We were discharged from the hospital late Saturday afternoon and had to learn to quickly adjust to our “new normal.”  I will say this about MJ – he is AMAZING in every way.  Just amazing.  I can’t imagine being 5 and adjusting to a life where you have to watch every single thing you eat or drink.  He has embraced it with such a positive attitude.  We went on our usual Waffle House outing on Sunday morning where he announced, “I have diabetes and have to watch my carbs!”  So, sugar free syrup and unsweet tea with Splenda were added to our new menu.


He is doing great with the finger pricks- they really don’t bother him any more.  And the insulin injections are also getting much easier.  He loves to have an audience and show how brave he is.  We were over at my brother-in-law’s house on Sunday evening and he asked everyone if they wanted to watch him get a shot.  And they were all very impressed with how well he did. 

I made a diabetes kit for school and Steve and I met with his principal, vice principal, teachers and school nurses that Monday.  They were incredibly supportive – so much so that he was able to go back to school the following day.  I went over during lunch and taught them how to use his Novolog flex pens and count the carbs in his lunch to adjust his insulin.

Steve has been my rock; to say this has been overwhelming would be a gross understatement.  I saw incredible sadness in Steve’s eyes the other night, and as if he was reading my mind he said “I think I am taking this harder than I did when we found out Catelin needed surgery.”  This time it is different – as awful as that time was with Catelin, we knew that once she got through the surgery she would be ok.  But this?  Well, type 1 diabetes is forever.  His life – our lives - are forever changed.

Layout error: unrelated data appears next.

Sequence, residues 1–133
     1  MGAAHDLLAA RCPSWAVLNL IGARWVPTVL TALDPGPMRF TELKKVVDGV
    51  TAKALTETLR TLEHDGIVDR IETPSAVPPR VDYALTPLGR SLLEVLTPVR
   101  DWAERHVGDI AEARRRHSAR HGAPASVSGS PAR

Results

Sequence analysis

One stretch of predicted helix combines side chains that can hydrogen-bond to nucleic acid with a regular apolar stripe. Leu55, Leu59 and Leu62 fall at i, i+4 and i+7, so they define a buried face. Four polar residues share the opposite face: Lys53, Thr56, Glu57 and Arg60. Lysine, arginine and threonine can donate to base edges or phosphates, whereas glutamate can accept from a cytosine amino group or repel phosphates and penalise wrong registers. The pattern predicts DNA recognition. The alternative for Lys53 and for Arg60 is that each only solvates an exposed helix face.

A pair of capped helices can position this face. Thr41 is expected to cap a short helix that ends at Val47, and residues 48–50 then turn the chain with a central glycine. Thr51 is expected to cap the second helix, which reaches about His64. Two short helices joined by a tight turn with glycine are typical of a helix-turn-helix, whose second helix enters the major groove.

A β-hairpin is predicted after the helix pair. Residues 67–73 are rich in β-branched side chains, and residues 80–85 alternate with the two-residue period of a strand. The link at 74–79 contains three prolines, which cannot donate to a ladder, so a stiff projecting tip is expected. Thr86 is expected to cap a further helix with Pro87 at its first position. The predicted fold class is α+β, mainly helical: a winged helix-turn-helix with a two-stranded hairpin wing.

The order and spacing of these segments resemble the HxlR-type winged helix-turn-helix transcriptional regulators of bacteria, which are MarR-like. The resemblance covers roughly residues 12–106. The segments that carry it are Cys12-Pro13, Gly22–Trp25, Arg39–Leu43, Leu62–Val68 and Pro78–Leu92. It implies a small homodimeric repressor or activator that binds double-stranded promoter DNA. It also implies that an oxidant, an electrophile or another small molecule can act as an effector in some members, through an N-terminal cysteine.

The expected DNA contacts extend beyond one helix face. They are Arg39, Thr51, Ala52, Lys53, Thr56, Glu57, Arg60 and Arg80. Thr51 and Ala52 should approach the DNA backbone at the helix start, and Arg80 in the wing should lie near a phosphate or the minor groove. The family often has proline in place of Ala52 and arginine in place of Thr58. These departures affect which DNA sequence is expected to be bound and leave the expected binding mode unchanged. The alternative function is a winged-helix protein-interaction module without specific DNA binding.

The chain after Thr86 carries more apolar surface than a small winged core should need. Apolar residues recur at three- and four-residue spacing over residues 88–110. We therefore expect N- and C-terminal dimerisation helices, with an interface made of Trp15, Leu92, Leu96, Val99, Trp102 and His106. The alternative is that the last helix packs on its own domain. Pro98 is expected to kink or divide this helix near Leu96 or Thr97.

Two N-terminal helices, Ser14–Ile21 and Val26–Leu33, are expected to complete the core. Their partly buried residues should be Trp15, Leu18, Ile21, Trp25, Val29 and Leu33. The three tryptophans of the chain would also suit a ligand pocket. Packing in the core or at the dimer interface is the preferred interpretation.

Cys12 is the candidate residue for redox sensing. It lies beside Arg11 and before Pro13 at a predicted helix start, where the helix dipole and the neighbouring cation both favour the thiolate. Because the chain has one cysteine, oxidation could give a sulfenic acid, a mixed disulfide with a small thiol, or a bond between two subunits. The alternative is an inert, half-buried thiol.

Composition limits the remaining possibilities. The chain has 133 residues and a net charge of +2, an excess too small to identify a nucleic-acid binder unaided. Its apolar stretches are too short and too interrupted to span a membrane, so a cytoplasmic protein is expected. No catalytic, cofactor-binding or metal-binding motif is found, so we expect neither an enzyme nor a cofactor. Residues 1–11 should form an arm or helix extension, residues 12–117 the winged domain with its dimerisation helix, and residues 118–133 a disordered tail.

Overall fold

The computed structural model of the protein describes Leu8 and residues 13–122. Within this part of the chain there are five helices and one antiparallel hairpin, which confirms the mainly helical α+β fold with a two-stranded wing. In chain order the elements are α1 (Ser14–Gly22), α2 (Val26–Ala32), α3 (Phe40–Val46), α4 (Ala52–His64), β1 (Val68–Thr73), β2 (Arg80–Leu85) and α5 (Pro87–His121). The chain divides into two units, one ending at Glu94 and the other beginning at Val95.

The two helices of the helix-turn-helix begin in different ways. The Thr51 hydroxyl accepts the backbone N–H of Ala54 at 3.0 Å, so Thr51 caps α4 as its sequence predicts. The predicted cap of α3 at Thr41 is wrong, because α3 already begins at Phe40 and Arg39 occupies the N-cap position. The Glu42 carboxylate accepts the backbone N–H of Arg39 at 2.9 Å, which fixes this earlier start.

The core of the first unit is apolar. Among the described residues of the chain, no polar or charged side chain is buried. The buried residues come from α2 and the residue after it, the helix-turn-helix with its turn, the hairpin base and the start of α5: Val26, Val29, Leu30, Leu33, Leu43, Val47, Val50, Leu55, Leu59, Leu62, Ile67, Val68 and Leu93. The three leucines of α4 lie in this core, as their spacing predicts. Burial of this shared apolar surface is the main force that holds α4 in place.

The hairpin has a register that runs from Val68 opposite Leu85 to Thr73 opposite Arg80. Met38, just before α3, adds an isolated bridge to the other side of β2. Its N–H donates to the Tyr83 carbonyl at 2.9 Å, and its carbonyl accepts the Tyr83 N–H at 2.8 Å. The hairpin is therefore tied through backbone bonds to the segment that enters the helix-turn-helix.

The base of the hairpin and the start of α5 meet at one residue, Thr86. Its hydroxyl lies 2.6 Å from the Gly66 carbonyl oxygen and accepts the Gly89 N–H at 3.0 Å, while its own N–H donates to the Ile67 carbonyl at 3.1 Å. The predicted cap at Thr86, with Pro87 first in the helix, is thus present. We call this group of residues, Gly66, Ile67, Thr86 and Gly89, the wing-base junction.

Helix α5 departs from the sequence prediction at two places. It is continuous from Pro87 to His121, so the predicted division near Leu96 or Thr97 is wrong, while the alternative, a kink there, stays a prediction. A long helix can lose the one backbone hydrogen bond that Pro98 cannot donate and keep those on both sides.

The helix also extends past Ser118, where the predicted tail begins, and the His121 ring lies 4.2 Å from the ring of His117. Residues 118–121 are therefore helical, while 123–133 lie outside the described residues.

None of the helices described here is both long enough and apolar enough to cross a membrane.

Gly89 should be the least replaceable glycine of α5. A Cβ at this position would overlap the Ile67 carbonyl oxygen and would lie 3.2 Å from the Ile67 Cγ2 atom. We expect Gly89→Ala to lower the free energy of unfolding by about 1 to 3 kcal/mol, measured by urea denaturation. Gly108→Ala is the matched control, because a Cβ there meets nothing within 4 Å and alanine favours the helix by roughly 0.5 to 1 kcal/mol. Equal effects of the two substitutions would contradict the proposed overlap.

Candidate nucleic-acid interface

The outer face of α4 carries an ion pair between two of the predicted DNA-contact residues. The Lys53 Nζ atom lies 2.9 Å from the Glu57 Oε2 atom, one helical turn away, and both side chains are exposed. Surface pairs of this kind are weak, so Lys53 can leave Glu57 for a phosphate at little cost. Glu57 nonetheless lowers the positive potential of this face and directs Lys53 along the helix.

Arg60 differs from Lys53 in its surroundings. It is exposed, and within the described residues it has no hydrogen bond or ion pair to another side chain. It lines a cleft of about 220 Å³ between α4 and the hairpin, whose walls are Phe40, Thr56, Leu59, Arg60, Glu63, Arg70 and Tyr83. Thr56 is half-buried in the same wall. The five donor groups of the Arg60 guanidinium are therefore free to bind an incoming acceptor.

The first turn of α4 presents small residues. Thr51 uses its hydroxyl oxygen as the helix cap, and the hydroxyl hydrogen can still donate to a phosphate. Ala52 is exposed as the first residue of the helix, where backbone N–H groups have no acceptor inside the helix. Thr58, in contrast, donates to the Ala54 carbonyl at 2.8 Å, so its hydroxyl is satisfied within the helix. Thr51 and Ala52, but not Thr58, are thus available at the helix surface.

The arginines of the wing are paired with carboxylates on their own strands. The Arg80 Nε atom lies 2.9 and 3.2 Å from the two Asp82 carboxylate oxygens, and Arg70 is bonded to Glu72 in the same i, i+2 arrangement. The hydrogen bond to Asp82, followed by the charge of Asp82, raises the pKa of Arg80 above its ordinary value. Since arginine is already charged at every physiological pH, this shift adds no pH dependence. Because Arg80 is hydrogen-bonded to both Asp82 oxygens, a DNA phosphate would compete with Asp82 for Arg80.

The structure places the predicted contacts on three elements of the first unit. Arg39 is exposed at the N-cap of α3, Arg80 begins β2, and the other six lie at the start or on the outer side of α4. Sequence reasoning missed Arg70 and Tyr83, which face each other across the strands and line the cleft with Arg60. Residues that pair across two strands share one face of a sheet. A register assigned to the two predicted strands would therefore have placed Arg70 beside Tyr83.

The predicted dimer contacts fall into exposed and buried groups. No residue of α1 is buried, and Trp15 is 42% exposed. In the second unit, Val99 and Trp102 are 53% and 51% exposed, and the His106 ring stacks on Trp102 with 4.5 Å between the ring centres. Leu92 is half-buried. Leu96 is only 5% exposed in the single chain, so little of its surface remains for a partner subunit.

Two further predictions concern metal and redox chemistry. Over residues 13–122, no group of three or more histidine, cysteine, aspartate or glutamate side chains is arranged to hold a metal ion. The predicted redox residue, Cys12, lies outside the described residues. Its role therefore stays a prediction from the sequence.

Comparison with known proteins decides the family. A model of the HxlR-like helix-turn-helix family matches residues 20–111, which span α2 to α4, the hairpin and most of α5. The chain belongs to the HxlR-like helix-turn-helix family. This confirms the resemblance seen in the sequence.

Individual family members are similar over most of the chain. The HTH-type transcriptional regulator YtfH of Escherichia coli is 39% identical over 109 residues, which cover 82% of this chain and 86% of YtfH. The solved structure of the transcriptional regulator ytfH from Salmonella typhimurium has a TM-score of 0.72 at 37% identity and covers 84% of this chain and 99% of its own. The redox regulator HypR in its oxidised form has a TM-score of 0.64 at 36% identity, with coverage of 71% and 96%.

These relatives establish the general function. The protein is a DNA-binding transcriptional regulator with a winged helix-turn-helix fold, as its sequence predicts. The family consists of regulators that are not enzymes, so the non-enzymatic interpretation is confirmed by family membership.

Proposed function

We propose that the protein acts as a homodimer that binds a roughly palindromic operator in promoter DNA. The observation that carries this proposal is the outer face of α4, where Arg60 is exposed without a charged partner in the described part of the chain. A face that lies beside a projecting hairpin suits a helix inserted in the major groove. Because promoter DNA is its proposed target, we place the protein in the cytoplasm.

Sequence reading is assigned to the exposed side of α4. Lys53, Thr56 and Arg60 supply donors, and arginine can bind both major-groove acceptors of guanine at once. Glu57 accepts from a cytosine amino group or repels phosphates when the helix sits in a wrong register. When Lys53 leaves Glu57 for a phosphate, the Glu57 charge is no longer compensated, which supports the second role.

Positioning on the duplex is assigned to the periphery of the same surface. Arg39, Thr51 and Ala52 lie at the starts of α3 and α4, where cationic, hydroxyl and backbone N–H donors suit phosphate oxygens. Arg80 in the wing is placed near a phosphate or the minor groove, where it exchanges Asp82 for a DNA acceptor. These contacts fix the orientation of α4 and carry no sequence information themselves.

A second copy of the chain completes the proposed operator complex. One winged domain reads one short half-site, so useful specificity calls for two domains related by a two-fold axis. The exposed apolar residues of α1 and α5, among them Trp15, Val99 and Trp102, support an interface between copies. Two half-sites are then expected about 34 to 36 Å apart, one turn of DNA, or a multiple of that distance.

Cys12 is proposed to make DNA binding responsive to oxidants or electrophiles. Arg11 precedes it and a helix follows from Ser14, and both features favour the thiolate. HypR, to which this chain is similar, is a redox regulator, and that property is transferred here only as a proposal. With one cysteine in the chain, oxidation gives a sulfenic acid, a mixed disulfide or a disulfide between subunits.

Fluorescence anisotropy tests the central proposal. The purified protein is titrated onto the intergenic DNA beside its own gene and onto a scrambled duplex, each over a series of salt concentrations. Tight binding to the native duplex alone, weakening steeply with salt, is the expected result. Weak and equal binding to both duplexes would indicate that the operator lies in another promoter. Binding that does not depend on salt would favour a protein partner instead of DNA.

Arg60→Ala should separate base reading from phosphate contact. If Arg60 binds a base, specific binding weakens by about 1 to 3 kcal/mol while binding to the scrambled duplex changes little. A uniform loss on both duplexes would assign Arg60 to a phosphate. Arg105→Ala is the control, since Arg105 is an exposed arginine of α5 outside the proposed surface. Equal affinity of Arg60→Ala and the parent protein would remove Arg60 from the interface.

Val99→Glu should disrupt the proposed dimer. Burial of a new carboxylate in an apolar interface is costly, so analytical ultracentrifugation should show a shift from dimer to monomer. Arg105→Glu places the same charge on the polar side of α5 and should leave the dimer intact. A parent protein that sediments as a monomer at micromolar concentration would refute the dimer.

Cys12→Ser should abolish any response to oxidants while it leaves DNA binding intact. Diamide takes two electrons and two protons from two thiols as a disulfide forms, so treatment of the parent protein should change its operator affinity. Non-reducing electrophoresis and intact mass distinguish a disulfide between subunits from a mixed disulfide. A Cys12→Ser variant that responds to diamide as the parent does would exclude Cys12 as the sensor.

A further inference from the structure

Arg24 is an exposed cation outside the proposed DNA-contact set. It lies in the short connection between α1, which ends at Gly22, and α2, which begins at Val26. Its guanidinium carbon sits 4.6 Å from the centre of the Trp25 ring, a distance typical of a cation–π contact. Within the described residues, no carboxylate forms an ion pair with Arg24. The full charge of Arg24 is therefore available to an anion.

I know this – the world is a better place because MJ is in it.  So, we will deal with our new reality and keep that light shining because this boy … well, he is really someone special.

Tuesday, April 8, 2014

Time for Your Check Up

Catelin had post-op appointments with both of her surgeons a couple of weeks ago. 


She is doing amazing – no one can believe what she has been through when they look at her.  I hear “you would never know” often, which makes me happy.  Every day when I do her hair I stare at that scar – sometimes I find myself almost lost in it, remembering that terrible time in our lives …and yet being so thankful that she is here, safe and sound. 


I tell Catelin she is “so pretty” all of the time.  Not because I want her to develop an ego but because I want her to know that she is beautiful both inside and out.  And that scar – which her hair hides almost perfectly – is a part of her.  I pray that when she is older it will remind her how tough she is, how she can overcome any challenge and still have that precious smile on her face.  And while that scar makes me want to cry, it also reminds me to hug each of my children and tell them how “pretty” and wonderful they are every day.


Anyway, her check-ups went great.  The neurosurgeon doesn’t think he will have to operate on her again (I pray that holds true), but we will continue to follow up with him annually.  The craniofacial surgeon also thinks she looks great.  The plates will dissolve by the end of the year so we will know more what she will look like at that time.  If he does have to operate again it will be a relatively “minor” surgery (I guess anything is minor compared to her other surgery) which will not happen for another 1.5-2 years. 


In the meantime, this almost 2 year old girl is keeping us on our toes and showing off her adorable dimples every day!